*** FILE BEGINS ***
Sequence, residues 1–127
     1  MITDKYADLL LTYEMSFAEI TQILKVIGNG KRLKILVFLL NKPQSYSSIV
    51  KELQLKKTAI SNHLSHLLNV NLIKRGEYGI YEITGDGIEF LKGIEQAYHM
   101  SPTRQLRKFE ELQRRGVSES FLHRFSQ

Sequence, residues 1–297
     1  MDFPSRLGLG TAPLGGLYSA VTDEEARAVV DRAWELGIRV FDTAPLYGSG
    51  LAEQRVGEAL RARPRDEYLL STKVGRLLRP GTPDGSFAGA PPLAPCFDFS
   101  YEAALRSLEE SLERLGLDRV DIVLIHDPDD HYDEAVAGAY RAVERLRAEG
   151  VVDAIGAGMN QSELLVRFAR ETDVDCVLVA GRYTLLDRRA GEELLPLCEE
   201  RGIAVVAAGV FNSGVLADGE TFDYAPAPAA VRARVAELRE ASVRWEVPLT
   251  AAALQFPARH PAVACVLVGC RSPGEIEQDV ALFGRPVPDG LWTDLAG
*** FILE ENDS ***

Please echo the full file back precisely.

Sequence, residues 1–127
     1  MITDKYADLL LTYEMSFAEI TQILKVIGNG KRLKILVFLL NKPQSYSSIV
    51  KELQLKKTAI SNHLSHLLNV NLIKRGEYGI YEITGDGIEF LKGIEQAYHM
   101  SPTRQLRKFE ELQRRGVSES FLHRFSQ

Sequence, residues 1–297
     1  MDFPSRLGLG TAPLGGLYSA VTDEEARAVV DRAWELGIRV FDTAPLYGSG
    51  LAEQRVGEAL RARPRDEYLL STKVGRLLRP GTPDGSFAGA PPLAPCFDFS
   101  YEAALRSLEE SLERLGLDRV DIVLIHDPDD HYDEAVAGAY RAVERLRAEG
   151  VVDAIGAGMN QSELLVRFAR ETDVDCVLVA GRYTLLDRRA GEELLPLCEE
   201  RGIAVVAAGV FNSGVLADGE TFDYAPAPAA VRARVAELRE ASVRWEVPLT
   251  AAALQFPARH PAVACVLVGC RSPGEIEQDV ALFGRPVPDG LWTDLAG